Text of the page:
Who doesn’t want healthy vision? Who isn’t wearing protective eyewear? More and more Minnesotans, at work and play, are wearing goofy-looking eyewear to prevent eye injuries and protect their eyes.
Experts say protective eyewear can prevent 90 percent of eye injuries.
“The risk of eye injury can vary depending on the activity. Make sure the level of eye protection you or others in your family use is appropriate for the type of activity. Regular eyeglasses do not offer proper eye protection,” said Richard Johnston, M.D., president of the Minnesota Academy of Ophthalmology.
Facts about eye injuries
People believe eye injuries are most common on the job. But, in fact, nearly half of all eye injuries occur in the home, reports the American Academy of Ophthalmology and the American Society of Ocular Trauma.
More than 40 percent of eye injuries are caused by activities like home repairs, yard work, cleaning and cooking. (Think protective eyewear.)
The injuries aren’t confined to the yard and garage. More than a third of injuries in the home occurred in living areas such as the kitchen, bedroom, bathroom, living or family room.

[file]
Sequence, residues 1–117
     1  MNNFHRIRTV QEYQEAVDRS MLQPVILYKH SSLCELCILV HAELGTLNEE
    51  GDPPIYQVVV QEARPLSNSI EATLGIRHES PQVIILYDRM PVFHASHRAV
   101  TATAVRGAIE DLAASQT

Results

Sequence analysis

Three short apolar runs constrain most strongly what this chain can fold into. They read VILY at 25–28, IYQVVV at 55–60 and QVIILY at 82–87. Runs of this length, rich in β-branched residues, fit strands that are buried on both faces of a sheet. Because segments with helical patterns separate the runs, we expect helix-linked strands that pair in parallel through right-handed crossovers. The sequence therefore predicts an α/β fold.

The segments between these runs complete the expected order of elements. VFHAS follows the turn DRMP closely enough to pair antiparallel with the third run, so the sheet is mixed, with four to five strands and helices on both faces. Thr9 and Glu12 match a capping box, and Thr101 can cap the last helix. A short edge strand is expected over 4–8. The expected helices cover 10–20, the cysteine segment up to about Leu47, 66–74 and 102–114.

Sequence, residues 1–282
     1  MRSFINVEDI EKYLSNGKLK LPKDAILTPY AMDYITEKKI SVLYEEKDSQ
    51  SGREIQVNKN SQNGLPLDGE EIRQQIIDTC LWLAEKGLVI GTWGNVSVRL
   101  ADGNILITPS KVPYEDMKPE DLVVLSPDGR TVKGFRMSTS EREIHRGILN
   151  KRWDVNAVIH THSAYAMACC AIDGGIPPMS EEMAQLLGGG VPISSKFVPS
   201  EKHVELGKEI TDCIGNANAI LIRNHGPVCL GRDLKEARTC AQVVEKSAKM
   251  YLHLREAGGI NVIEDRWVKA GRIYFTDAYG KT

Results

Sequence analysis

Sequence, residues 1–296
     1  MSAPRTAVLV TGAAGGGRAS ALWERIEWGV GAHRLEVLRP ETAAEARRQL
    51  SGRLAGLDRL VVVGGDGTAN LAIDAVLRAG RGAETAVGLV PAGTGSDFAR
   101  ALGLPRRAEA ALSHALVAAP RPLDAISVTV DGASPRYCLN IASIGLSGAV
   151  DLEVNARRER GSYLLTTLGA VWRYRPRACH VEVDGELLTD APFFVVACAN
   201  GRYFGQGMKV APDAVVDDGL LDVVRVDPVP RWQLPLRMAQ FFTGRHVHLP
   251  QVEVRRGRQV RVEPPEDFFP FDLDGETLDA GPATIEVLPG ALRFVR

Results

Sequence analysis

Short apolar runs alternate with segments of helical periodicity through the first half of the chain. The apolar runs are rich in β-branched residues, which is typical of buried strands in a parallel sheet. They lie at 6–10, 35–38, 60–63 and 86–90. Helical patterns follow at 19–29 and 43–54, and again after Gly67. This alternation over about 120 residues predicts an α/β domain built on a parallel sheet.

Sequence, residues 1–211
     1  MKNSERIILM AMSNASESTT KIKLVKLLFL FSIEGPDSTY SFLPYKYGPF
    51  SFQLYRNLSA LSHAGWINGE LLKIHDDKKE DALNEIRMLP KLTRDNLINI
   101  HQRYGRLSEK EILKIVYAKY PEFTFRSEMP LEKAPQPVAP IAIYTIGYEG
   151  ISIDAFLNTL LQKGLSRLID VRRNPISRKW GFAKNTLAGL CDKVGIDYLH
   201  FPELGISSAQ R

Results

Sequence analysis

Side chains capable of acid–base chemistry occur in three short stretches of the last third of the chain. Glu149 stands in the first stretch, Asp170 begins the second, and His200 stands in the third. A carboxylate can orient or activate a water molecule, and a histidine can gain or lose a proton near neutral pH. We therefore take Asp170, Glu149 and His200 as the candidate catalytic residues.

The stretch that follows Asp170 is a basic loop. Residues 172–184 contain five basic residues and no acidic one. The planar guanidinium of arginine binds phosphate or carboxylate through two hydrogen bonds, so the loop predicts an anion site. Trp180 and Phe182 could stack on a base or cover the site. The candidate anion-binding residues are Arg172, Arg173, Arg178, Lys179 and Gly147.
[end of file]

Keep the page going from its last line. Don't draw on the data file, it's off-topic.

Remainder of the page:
As you might expect, more than 40 percent of eye injuries are related to sports or recreational activities. (Think protective eyewear.)
Men are more likely to sustain an eye injury than women.
Eyes can be damaged by sun exposure, not just chemicals, dust or objects. (Again, protective eyewear)
Among all eye injuries reported, more than 78 percent of people were not wearing eyewear at the time of injury. Of those reported to be wearing eyewear, only 5.3 percent were wearing safety or sports glasses.
If you or someone you know is injured in the eye, have an ophthalmologist or other medical doctor examine the eye as soon as possible, even if the injury seems minor. A serious eye injury is not always immediately obvious. Delaying medical attention can cause the damaged areas to worsen and could result in permanent vision loss or blindness.
In addition to eye exams, consumers are encouraged to learn more about eye health and eye disease. The Minnesota Academy of Ophthalmology invites Minnesotans to visitwww.MNEyeMD.org for accurate eye health information.